Diana Tay, University of Melbourne

Photon physics, performance art, artworks on iPads – these are examples of some engaging and thought provoking topics presented at On Paper? The 8th AICCM Book, Paper and Photographic Materials Symposium. Held over three days at the Art Gallery of New South Wales, the symposium offered participants an insight into current issues and developments in the contemporary conservation practice that would not be traditionally associated with the paper conservation discipline.

While my interests lie in the use of digital media and documentation in conservation of contemporary works of art, I am trained as a paintings conservator. I entered the symposium not knowing what to expect and I found this pleasantly alarming and disarming. Before and during the symposium, I was frequently asked: “Why are you going to a conference about paper?” I didn’t have an answer for this question; I only had more questions. Why and should we be bound to our material specialisation? With constant shifts in technology and notions of art in the contemporary world, what is the framework that we, as conservators of the 21st century, should work within?

These questions were frequently raised in the symposium. In particular, Kerry Head and Lucy Willet, in the treatment of ethnographic objects, employed materials and techniques that are conventionally used in paper conservation. On a similar vein with non-conventional methods, Ruth Shervington presents display systems designed for large friable and unglazed works which can be hung flat against the wall. These talks not only highlighted the need for creative problem solving and cross-disciplinary approaches, but have emphasised that through developments in contemporary conservation practices, the walls between medium specialisations are not rigid and inflexible. The need for info-knowledge sharing, collaborative exercise, and cross-disciplinary adaptation, will allow us to develop more ways than one to arrive at a solution.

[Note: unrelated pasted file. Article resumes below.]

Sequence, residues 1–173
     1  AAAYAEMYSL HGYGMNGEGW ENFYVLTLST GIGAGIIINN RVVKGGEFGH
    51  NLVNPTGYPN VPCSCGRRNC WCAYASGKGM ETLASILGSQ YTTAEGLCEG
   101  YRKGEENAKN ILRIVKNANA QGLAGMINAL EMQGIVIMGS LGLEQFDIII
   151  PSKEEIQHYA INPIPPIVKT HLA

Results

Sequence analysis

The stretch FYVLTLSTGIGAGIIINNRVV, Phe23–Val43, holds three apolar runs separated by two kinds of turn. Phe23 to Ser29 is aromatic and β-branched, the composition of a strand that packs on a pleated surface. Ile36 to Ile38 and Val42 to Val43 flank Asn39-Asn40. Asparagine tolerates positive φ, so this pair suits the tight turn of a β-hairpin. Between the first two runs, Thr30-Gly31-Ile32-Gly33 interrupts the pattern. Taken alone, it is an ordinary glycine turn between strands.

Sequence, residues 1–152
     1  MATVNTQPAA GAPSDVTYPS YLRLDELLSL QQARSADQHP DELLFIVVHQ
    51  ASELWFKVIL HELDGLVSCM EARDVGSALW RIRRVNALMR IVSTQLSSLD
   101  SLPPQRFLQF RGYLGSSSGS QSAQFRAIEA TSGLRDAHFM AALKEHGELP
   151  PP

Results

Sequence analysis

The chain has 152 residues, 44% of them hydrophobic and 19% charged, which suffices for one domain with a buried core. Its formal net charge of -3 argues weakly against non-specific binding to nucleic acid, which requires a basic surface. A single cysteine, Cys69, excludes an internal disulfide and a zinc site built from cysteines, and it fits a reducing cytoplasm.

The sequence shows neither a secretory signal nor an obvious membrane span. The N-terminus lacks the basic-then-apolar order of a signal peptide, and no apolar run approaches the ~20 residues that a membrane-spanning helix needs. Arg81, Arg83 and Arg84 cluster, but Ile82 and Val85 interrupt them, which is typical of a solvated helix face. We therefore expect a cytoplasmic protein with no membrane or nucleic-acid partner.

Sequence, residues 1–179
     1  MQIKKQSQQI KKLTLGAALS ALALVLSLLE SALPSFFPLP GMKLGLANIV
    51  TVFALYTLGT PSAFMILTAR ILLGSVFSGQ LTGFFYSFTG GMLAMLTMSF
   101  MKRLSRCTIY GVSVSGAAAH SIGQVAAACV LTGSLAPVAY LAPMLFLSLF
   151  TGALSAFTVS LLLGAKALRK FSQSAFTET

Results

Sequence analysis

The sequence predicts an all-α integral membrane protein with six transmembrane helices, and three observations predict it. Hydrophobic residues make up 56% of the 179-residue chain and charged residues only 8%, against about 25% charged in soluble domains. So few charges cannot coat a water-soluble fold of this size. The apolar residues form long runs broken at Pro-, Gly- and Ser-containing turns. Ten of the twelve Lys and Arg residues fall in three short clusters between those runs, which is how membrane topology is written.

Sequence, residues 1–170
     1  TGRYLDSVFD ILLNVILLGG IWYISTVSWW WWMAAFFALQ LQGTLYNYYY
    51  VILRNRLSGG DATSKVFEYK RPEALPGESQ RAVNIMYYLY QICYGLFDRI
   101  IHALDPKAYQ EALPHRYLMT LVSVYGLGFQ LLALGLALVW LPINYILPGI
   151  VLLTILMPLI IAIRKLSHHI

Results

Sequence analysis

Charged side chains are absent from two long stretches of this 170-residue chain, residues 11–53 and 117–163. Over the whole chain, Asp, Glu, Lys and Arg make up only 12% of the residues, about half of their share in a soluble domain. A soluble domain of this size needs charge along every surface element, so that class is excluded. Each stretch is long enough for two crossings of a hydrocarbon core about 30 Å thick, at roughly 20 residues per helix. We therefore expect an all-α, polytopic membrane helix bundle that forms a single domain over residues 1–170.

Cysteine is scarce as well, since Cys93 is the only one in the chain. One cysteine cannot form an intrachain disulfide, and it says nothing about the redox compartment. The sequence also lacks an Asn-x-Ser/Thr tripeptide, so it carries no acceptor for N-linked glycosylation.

While science can be the answer and logic to complexities in materiality and aid in our understanding, it is not always the answer in times of modernity. Dr Pip Laurenson distinguishes the context of the object and how the artist intent plays a different role during its ‘active life’ and when it is at the ‘end of life’. The friction between the artist intent and material preservation is a prevalent issue in the conservation of contemporary art in which documentation platforms, direct involvement and discussions with practioners and colleagues are essential to gain an overall understanding and perspective.

The necessity for documentation was a constant highlight in talks ranging from documenting performance, the incorporation of iPads in an installation and the use of iPads for condition reporting. Inclusion of talks on digital media and technology in conservation was refreshing as it showed two sides of a coin – it introduced ethical dilemmas with digital media preservation but along with advanced technology and accessibility, it showed great potential to assist conservators in condition reporting. With the use of digital technology, it was interesting to note that a ‘digital deterioration’ could happen well within a year. I personally find that this is a field which has great research potential and encourage emerging conservators to consider and explore.

In conclusion, the series of talks presented in On Paper? have informed the future direction of conservation practice – moving beyond and breaking walls of our material specialisations. And beyond the field of photons and accelerated light-fading tests are some fundamental concepts which I’ve taken home that I think underpin our practice today – managing ethical dilemmas, risk analysis, adapting creative problem solving, making informed analysis, adopting a cross-disciplinary practice and keeping an open mind.

Thank you Tru Vue for this sponsorship, the organisers and speakers in AICCM’s Book, Paper and Photographic Materials Symposium.